Spirit is about more than conquering worlds, its about creating and utilizing resources, inspiring people, teaching and learning… Its about leaving the world a little better place than how you found it. Its about making a difference in the life of a person, an animal or even a geographical area.

Which leads me to my crisis of spirit. Too often, in this day and age, its easier to sell out…to take a job you know doesn’t fit, write something you don’t believe in, work for a company that goes against every fiber of your being… I should know because I’ve done it. I’ve done the work that doesn’t mean a thing to anyone. And I’ve hated it.

Being an entrepreneur, or writer, or artist – it’s hard. It’s hard because we sacrifice. A lot. And not only do we sacrifice, our families sacrifice. Only a few make it big. Those who don’t make it right away pay their own sacrifice – vacations, family time, nice “things,” health insurance; we pay higher taxes, have no “backup plan” and, well – you get the picture. Why wouldn’t you go back to work?

Sure, its possible that I’ll end up doing it again – that I’ll go back to work at some corporate drone factory. Because let’s face it – I’ve chosen two of the riskiest paths in life by becoming an entrepreneur and writer. Both careers are the equivalent of a crap shoot.

But we do what we have too – because, let’s face it – physical survival has to balance out survival of the soul. Like everyone in the world, I have taken jobs that have sucked the lifeblood from me, worked for companies corrupt in all they do. I’ve done things I’m not proud of. I don’t know anyone who hasn’t.

I’m not delusional. I know its not likely I’ll ever succeed in writing the great American novel, or discover a cure for cancer, or ever make history for my efforts in – well, anything. I don’t have children of my own, and never will, so passing along my DNA to another individual to somehow keep a piece of me living on forever, is not an option nor would I want it to be. And some would say that’s a good thing. Honestly, I wouldn’t disagree.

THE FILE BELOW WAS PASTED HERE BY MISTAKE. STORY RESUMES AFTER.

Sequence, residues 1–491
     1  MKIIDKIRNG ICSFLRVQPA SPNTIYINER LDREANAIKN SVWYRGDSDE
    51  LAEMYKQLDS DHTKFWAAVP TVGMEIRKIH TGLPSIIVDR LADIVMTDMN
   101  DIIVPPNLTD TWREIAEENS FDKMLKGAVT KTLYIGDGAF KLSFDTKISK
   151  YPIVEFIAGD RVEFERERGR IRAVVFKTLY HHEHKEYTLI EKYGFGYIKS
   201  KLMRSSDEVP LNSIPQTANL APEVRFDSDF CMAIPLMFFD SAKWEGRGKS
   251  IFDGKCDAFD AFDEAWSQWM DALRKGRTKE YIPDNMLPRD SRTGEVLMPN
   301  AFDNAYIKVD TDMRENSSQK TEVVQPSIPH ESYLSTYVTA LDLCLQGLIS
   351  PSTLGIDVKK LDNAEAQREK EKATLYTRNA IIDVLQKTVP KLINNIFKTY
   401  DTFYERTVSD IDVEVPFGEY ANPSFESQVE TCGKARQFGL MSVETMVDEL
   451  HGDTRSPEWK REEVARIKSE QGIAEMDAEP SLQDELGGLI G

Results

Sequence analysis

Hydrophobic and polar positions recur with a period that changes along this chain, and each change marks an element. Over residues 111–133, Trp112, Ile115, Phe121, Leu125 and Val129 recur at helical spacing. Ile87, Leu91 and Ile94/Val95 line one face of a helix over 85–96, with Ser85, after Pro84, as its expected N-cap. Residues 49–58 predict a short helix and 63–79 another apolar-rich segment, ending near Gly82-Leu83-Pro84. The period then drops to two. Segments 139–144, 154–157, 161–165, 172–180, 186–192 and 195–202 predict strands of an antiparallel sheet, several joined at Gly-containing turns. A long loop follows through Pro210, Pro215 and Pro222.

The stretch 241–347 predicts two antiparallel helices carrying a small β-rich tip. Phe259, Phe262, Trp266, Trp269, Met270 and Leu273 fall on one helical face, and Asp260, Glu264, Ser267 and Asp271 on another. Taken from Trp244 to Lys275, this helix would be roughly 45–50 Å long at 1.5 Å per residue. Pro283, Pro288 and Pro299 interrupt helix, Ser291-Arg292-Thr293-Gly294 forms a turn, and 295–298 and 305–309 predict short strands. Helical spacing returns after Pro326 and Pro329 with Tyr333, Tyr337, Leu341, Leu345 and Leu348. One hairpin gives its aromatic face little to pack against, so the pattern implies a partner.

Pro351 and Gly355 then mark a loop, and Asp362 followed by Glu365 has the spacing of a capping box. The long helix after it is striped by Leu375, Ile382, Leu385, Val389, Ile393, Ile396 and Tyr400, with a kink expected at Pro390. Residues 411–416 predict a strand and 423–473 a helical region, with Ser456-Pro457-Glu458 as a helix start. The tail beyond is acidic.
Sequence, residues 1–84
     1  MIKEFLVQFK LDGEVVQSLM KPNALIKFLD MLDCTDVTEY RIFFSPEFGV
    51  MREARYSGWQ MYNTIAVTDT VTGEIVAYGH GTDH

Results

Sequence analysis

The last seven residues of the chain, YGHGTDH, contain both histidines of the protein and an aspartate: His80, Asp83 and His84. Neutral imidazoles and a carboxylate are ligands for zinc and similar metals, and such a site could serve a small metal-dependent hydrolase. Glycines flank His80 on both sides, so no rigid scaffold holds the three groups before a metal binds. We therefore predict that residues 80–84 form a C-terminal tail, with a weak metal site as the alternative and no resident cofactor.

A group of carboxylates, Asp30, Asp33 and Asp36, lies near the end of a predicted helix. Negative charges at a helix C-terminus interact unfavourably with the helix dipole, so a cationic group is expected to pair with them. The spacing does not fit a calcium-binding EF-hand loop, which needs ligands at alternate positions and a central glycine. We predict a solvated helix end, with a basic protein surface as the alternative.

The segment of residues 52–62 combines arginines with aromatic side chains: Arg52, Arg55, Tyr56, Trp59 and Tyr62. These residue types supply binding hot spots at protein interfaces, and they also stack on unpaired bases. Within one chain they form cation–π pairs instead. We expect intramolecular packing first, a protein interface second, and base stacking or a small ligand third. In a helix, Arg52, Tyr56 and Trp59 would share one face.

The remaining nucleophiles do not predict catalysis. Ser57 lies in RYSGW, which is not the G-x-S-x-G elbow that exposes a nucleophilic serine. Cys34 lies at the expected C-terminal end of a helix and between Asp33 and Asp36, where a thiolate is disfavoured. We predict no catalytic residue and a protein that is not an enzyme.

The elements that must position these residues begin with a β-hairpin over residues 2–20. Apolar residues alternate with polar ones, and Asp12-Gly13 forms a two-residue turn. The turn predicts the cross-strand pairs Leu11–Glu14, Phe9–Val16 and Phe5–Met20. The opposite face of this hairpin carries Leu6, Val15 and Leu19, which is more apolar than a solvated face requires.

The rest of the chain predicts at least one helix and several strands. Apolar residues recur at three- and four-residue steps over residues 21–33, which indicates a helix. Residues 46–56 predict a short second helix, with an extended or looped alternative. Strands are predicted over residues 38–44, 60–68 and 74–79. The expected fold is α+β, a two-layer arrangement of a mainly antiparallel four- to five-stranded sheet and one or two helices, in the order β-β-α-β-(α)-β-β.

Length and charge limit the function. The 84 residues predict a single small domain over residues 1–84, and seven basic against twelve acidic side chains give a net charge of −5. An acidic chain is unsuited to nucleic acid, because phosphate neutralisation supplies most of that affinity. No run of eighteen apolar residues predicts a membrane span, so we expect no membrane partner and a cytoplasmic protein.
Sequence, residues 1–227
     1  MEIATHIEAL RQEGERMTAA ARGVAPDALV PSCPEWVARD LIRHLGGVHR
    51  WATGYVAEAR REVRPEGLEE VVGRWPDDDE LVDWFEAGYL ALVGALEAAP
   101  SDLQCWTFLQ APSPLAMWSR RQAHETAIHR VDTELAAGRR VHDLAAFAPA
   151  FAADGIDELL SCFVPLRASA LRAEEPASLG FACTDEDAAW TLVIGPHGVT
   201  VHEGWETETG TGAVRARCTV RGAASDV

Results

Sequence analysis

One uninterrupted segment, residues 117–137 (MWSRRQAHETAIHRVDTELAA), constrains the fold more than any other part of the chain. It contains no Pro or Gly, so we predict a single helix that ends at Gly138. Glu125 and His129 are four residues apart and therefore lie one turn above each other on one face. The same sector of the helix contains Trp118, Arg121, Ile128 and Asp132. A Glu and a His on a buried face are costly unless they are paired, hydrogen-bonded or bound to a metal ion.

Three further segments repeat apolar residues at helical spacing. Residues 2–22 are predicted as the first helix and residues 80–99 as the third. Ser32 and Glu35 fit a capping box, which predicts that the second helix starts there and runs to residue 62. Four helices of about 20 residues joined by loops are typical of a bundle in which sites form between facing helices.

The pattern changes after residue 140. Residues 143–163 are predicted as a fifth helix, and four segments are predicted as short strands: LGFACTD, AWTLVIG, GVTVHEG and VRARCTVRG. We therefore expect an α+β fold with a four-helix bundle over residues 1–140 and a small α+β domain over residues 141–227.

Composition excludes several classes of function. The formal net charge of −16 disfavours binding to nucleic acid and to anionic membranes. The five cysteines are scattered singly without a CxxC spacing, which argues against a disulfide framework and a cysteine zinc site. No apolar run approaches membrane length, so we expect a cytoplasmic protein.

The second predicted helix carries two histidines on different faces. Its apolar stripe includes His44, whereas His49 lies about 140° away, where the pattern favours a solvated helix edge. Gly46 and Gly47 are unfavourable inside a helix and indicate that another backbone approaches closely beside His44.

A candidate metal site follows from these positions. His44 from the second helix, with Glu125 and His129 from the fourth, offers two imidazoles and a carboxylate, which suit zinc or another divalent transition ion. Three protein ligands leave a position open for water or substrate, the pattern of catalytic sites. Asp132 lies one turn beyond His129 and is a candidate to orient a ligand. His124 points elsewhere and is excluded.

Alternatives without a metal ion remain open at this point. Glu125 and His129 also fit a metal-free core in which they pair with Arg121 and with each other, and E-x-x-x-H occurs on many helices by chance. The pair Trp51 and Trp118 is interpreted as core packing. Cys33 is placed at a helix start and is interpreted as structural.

The bottom line is that this life is what I get – my one shot at doing something that will not result in obscurity. My great crisis in spirit is understanding (and then doing) what I can do right now.

I question if I can do it all… Maintain a healthy family life, work fulltime at a corporate gig as a writer (if I’m forced too), keep sales up, market the site, write six columns, freelance, continue developing PetsWeekly, and still complete a novel in the evenings and weekends?

Maybe. Its been done before. Hell, I’ve done it before… It circles back to the “crisis of spirit” and how many hours of sleep I need as a human entity.

At this point, its one day at a time. We’ll let things just work out and progress. And maybe, if I’m very fortunate, I’ll be able to resolve the crisis of entrepreneurial spirit. I’ll be able to do what I love, which is write. And good or bad, it will last for awhile.

So, tell me. What is your crisis of spirit and how are you working towards resolving it?